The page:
It all comes down to reality. It’s fine with me. ~(pre-show music), Billy Joel, New York State of Mind
How do you deal with your father murdering your mother, then marrying your mother’s sister – your aunt, suddenly becoming estranged from your half brother – your mother’s son, for not wanting to believe any of it actually happened, losing your entire inheritance – stolen from your father who originally willed it to you, breaking up with your fiancé in the interim, discovering you are no longer daddy’s little girl and switching gears from relationships with men to women – Shakespeare of course!
In a shabby room housed in green carpeting, old, slightly worn furniture, Elizabethan stained-glass windows, a painting or photograph of each of her parents and a whole lot of outrageous memories, playwright and star performer, Brenda Adelman, along with director John Coppola, both New York natives, present an almost unbelievable, insanely twisted, one-woman, modern Bronx Tale filled with happy memories and tragic outcomes in My Brooklyn Hamlet, now playing at Studio C Artists on Theatre Row in Hollywood, CA.
Right from the start with the portentous, mood-setting music of Carmina Burana playing as she enters the stage wearing a symbolically, blood-red, farthingaled gown, corseted, ruffed, purled & partletted, jeweled and filled with the power of words, Ms. Adelman breaks her tale in the bard’s iambic pentameter, which is fully a direct parallel to the doomed Prince of Denmark. It is everything dramatic. She is numbed and scarred. Having been torn and caught in the confusing line of fire throughout her entire life, even sometimes a continent away, between two manipulators who emotionally push her to one extreme level of guilt to another. She must decide in the end, how she will find the strength to no longer stay silent, and either act upon her desire for revenge and throw herself fully onto a path that will surely lead to a Hamlet-like destruction or to find compassion and become the heroine of her own life with love and exculpation.
One can only begin at the beginning with this tale and Ms. Adelman takes us, quite squarely and without trepidation, in typical ‘shoot from the hip’ East Coast style, through the sometimes absurd, sometimes traumatizing events of the comical tragedy, that only a nice Jewish princess growing up in the endowed fortune of her father’s lucrative Brooklyn car business, could relate. From practically birth to her adult life she recounts the special and important moments spent with and witness to her mother, a world traveling, obsessive fulfillment seeking, bohemian photo artist (al la Diane Arbus with more of a penchant for S&M – “I wouldn’t be an artist if I didn’t piss off somebody”) and her father, a simple, chain cigar smoking, somewhat cruder, self-made, auto industry ‘savant’ with an insatiable need for deception and attention from other women.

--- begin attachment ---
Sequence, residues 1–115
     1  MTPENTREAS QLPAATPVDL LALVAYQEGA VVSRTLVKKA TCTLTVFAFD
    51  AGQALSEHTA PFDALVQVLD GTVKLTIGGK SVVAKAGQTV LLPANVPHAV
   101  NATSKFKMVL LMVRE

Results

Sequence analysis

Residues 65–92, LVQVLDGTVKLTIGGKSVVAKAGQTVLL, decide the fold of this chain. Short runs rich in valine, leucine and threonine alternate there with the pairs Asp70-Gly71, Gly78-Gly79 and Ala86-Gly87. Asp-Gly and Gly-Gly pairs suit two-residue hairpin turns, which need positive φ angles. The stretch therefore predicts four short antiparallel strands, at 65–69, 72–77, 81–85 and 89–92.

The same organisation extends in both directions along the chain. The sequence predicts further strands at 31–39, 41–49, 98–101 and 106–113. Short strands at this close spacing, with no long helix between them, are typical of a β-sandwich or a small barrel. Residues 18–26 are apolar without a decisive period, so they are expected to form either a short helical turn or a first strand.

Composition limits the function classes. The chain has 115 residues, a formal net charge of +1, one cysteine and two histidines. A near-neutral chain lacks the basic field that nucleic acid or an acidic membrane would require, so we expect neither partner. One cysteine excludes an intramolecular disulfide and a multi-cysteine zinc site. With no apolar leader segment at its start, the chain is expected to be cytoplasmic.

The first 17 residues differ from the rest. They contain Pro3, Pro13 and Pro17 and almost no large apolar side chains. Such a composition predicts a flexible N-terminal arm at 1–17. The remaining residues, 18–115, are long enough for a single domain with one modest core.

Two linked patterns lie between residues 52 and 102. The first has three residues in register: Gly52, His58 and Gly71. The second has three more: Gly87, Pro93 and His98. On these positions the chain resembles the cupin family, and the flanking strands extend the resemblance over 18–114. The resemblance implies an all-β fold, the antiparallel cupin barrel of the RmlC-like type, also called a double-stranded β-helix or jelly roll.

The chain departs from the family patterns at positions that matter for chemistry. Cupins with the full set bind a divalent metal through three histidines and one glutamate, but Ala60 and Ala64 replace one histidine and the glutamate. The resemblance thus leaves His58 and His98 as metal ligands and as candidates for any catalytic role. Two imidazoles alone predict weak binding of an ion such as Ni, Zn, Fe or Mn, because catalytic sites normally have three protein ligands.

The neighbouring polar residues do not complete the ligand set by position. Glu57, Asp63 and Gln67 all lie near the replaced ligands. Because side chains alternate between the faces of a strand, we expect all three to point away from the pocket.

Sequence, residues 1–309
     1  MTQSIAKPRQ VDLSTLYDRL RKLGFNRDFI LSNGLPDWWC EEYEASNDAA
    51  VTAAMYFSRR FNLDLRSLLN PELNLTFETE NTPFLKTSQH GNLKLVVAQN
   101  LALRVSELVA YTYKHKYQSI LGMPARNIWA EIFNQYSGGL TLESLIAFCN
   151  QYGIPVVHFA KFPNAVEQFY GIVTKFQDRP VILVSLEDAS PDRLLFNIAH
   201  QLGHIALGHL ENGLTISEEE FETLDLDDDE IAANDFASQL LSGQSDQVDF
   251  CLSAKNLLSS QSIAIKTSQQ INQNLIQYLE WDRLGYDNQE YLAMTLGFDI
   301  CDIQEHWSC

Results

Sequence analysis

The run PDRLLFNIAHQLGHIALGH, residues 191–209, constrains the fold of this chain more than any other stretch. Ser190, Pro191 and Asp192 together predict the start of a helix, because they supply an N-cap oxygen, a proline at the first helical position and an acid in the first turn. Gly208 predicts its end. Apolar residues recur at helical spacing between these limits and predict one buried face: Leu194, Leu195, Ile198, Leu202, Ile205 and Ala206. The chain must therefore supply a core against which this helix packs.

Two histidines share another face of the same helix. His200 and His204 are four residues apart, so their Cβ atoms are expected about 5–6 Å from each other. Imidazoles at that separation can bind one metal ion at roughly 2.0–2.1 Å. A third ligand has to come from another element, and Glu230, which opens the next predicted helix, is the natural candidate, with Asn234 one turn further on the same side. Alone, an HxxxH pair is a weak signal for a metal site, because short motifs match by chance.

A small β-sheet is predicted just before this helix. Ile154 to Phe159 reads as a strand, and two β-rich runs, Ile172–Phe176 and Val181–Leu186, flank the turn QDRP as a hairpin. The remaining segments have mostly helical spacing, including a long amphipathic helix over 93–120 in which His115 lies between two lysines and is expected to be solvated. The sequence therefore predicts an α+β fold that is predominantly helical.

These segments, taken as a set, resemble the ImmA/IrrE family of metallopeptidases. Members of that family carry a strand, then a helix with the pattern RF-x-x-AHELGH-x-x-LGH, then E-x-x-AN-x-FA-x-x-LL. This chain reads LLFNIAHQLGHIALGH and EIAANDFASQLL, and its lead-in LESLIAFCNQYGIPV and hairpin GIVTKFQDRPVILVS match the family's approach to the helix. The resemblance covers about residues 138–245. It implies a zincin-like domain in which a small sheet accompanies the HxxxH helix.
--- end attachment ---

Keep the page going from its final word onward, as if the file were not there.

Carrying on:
Although often shocking, much of it is quite funny actually filled with the characterizations and mimes of her parents, posturing, tantrums and general milieu of melodrama that envelopes her. Ms. Adelman keeps the dialog raw and surprisingly on the lighter side, given the heaviness of the subject matter which she herself, has actually lived through. It is not a heart-wrenching auto-biography but rather an expressive and fascinating recitation. There are a few not-quite-so-well crafted transitions during this performance and a moment or two feels a bit skipped over. However, Ms. Adelman’s style is so refreshingly natural and forthright as a story teller that the chronicle is well paced and moves quickly without any truly awkward pauses. Growing up daddy’s little girl has so many advantages, world travel, foreign living, theater, art, popularity, best friends, Brooklyn-Italians boyfriends and being the great love of her father’s life “Brenda pretenda, my little defenda!” Any why oh why can’t I have a healthy relationship with a man is not so hard to figure out for Ms. Adelman. It is however almost impossible to break the cycle of insanity, not for the lack of trying.
Profound in it’s outcome. Brenda Adelman is able to wield the mighty power of grace and bestow a kind of clemency that allows her to get past the ugliness and pain of tragedy to a love of herself and most of all both her mother and her father. As in the words her mother would say every evening at her bedtime goodnight, “To Thine Own Self Be True,” Ms. Adelman, finds a way to do what is right for everyone.
My Brooklyn Hamlet is a creatively, candid, self-realized composition.
A real-life Shakespearean tragedy in modern day Brooklyn.
Written by and starring Brenda Adelman
Directed by John Coppola.
Produced by Michael Sonntag
Approximate running time: 70 minutes